Taking Note

This Saturday I went to my first Orange County Chapter of RWA meeting in a looong, looong time. Best selling author, Robert Crais spoke about his childhood – he grew up behind a drive-in theatre reading comics – and his adventures in Hollywood and publishing. He did a good job, signed a ton of books and in all, I think everyone was happy.
As a member of OCC RWA, I’ve seen quite a few big-name NYT best-selling authors take our stage and realized that the only difference between a little fish like me and a guy like Mr. Crais is that he makes a lot more money than I do. So perhaps the true secret to success in publishing is to wait for the big fish to die or retire.
However, here’s my list of what I have in common with a New York Times best-selling author:
  1. No matter how many copies of books in print and sold, authors still count and remember their rejection letters.
  2. Even if their latest book debuts high up on the NYT list, best-selling authors still envy writers whom they think are (a) more talented than they are or (b) get more money and attention from their publishers.
  3. Best-selling authors always talk about how during their childhood, they were the family mutant. Only when we succeed do our families look at us in a different light. (Usually to see if we used them as a character in the book, or if we’ve made enough money to spring for lunch.)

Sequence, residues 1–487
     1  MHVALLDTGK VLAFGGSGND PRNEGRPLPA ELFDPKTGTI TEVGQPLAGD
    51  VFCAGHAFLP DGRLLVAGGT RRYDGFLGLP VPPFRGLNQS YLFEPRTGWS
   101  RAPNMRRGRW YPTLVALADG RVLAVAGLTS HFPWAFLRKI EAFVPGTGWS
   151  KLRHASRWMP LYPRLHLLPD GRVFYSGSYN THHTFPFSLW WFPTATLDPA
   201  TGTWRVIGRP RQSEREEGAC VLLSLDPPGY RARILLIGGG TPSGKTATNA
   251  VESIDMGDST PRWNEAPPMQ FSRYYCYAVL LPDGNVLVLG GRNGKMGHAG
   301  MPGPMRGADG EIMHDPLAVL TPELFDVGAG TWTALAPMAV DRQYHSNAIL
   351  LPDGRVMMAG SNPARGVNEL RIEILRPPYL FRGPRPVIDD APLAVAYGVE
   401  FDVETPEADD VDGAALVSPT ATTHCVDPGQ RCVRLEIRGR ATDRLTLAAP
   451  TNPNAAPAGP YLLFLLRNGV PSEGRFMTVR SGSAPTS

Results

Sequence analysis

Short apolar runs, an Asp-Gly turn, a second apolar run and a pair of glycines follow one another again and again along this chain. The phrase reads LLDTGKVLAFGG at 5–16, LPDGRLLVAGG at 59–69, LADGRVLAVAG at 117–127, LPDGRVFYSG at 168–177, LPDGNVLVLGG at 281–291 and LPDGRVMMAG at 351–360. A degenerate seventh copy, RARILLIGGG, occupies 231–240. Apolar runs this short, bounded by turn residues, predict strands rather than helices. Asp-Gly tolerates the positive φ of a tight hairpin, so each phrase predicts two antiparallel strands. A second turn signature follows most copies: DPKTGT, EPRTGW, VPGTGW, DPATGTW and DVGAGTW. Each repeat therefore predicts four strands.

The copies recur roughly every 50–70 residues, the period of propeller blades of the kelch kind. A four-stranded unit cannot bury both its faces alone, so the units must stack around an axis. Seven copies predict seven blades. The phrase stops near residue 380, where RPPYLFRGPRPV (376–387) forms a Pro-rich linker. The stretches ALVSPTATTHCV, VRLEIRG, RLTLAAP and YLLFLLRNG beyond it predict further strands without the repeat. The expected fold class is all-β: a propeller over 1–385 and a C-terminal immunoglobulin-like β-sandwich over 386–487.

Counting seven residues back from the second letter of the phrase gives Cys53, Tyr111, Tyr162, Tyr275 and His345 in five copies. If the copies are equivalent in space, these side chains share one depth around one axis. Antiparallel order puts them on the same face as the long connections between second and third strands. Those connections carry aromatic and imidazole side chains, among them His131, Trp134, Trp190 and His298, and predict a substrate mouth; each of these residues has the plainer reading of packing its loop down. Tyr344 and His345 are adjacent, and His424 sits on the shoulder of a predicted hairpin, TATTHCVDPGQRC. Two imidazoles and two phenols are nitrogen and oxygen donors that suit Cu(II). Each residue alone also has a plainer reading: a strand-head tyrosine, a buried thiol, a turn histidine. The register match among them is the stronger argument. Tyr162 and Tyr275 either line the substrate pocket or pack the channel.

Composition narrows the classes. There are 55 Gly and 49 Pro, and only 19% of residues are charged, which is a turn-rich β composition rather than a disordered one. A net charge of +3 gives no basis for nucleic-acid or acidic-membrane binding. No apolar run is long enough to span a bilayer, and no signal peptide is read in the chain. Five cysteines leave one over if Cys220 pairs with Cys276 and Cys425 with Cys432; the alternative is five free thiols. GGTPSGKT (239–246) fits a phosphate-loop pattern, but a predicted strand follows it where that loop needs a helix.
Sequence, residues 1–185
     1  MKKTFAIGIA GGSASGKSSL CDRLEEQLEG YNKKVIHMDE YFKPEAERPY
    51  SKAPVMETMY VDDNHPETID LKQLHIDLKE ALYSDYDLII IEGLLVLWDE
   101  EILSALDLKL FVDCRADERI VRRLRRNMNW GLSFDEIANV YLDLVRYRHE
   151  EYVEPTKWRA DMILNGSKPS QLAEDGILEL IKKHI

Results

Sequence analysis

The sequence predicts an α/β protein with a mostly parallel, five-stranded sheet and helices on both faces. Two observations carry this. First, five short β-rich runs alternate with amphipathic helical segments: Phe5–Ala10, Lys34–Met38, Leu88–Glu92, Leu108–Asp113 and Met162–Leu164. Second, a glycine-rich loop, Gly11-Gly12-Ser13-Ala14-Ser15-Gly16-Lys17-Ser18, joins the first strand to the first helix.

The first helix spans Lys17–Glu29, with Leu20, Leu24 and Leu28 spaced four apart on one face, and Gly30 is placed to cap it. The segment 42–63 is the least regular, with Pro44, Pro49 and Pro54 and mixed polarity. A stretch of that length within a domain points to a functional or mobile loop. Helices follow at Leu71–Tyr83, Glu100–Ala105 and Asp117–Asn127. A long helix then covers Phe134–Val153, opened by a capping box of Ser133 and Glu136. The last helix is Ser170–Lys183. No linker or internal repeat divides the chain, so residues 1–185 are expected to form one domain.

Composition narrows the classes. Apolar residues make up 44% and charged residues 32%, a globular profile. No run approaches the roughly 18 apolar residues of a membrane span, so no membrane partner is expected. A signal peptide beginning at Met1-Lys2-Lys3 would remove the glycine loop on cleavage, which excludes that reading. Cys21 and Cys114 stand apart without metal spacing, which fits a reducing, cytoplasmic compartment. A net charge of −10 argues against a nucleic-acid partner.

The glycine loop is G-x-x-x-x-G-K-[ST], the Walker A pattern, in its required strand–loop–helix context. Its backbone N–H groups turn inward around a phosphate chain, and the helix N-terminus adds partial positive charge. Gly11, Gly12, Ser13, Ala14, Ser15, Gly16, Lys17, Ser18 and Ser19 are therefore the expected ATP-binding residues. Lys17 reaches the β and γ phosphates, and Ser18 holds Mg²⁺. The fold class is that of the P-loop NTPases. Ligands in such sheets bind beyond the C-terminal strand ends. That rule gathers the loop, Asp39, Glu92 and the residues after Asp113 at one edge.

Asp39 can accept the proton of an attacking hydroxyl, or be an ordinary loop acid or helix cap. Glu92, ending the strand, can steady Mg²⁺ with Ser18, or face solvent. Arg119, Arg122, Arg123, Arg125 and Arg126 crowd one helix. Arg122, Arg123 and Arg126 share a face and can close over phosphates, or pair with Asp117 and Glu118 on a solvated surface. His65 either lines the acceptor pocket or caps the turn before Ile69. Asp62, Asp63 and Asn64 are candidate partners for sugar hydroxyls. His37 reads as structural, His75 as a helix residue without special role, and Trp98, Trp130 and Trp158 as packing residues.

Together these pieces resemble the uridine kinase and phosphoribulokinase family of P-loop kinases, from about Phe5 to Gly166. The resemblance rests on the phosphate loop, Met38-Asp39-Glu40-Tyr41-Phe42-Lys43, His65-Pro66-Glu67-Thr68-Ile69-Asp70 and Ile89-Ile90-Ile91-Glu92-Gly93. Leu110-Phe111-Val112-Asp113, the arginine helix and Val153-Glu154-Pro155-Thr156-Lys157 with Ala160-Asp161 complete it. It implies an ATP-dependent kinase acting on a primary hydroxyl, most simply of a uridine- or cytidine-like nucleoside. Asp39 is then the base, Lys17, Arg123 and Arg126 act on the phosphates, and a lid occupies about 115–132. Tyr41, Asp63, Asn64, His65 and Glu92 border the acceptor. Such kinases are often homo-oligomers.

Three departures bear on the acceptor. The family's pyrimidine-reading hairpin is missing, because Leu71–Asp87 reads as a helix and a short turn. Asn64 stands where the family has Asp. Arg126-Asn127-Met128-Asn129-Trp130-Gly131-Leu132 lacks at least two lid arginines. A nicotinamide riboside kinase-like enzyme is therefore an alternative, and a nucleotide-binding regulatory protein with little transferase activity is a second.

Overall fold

4. Best-selling authors always walk into the room looking a bit bewildered by everyone’s awe and reverance. Wait, that’s not true. Jackie Collins once paid a visit to OCC RWA and she made an entrance. Then again, Nora Roberts struts around RWA National like she doesn’t notice everyone staring at her so maybe it’s a guy versus girl thing.
    Moving on…
  5. Most best-selling authors – actually I should say that the ones who are still good and aren’t paying other writers to write their stuff – never lose that sense of awe that they get paid to make stuff up.
  6. No matter how many millions they’ve acquired (and that their publisher will fly them first-class and not put them up in a haunted hotel), best-selling authors still want us to feel sorry for them when they tell us how they struggled in the early years.
Hey man, I feel your pain. So when are you thinking about doing something else?
(Me, bitter? Nah!)
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